Letter to Nelson Mandela

a poem by Nkwelle Assurance Nkwelle, Cameroon

Sir,
I write not to complain but to let you know
The memories of our black Africa and the toils
And pangs of eyes of roguery.
The eyes of men blink and blur the eyes of their men.

When we laugh, our eyes are thunder lightening
Wayed to tears,
And today the way you led is casually shunned,
Are we not in Africa?

Your note we saw,
The roof that you built, a caring father only does so for his son.
O, yes! You did.
The house today has delapidated. This end itself talkless.

We have pollsters, but they have poky mouths,
Even they cannot sing loud
Tigerish teeth are underneath pricking their occasions,
Shall I say I cry while informing you?

Or shall I simply tell you that our land is stratified?
That only plutocrats live in our house free,
Our men gather to wheel it round,
But only fertile preys for pogroms?

You led the way to the cross
But none else has been so selfish since then;
Only sphinx drives do we take,
Was that the price you paid?

Sir, I know this may be marvellous,
But now I have to you posed it.
Splenetic transmorgrifications of your craft, we witness today.
They say peace, they practise war.

Sir, haply the greatest point of my distress is in this
Turn of things. Our brick-layers have sharp trowels.
The Trojan horse did its best at that time;
We have only turds of chameleons planted under our feet,

And conversant, we are with them,
To sway is no man's dream.
Stigmas of bleak lines even our progressive forces profess,
Still with letters, they have gustos of the tortoise.

O, Sir, shall men ever part ways with this?
I feel some curse, I deem it necessary
That like you, these men of zombiec zests shall buy
The yippee echo of your days.

Today, that there is only one principle men should dwell by!
That you and Washington and Lincoln fought to enliven,
We have new versions of it all, strange!
And we still call it democracy.

And Sir, especially in our house
We have the game tabled to us and styled 'new deal',
A new deal that 'began' some three decades and ages more.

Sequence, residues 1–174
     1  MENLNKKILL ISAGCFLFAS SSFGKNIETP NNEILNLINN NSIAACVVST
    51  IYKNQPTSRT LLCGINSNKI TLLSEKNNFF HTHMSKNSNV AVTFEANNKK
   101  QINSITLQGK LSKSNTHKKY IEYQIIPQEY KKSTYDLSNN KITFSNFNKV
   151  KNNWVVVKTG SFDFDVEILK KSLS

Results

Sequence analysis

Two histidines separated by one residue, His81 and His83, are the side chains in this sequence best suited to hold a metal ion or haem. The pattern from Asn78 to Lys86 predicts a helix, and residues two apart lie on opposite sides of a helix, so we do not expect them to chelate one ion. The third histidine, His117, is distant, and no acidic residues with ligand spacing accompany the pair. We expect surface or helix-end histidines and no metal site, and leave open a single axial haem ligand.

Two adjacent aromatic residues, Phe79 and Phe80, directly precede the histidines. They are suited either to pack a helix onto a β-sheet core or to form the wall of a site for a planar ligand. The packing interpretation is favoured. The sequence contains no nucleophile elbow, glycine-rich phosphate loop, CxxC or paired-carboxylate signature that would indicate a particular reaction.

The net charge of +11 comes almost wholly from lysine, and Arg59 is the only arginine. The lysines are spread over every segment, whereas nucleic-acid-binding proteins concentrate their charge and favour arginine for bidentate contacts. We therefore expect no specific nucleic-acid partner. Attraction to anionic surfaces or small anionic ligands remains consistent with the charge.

Sir, my mother had a child, she never changed from the ground,
At thirty-seven, she still creeps and unashamed,
She sucks my mother's breasts unseemingly fed,
To complain, she bullies me to leave her child;

Tells me that all children are of God.
And one day, 'this one will walk,' saith she.
And indeed,
She will one day walk!

I do not know whether by now I bother you,
I pray you Sir, read further. I shall limit my vapid mind,
For, pointing out this, to borrow from the poets,
Is tantamount to heading towards my 'grassy-barrow', but see.

Our new deal has two new deal democracies:
These, I will pray the great democracies to buy,
If they do side with us,
Yet I have not told you what they are.

O, a great mother democracy, you gave birth
To two unidentical children, none to your lineage resembles,
Themselves unidentical,
But so identically blended; they have '-cracy'.

I shall call them Gerontocracy and Kleptocracy.
Not sixty-five, you cannot be called to the crew
And if you don't erect a double hundred million mansion
In a year of service, I bet you Sir,

You cannot be called an 'African democrat,' so they call it.
Though these, the covets of this land pervert
The principles set forth by them; Hitler's progeny!

So Sir, I may beg you that I wish to rest my hand,
But before I go,
Tarry not to help me, me?
Us to fulfil this

PLEA
If it meets you (though I, by no means pray it doesn't
But I am merely being cognisant
Of our common identity - plutocrats or proletariats, we must bear it),
Do this last thing.

Call them all,
If you still have the wage to do so,
Remind them that there are people
Looking weary of their claws,
That equally they are human beings, though prisoners.

That men should strive to be hailed,
Like you, I say,
And not to rail as Taylor, Amin
And their species.

So Sir, Thank you for attending me
If I hear you, what joy shall I glorify!
Men are only pious and humble at needs,
At achievement, they become peacocks,
This, even women know.

Your admirer


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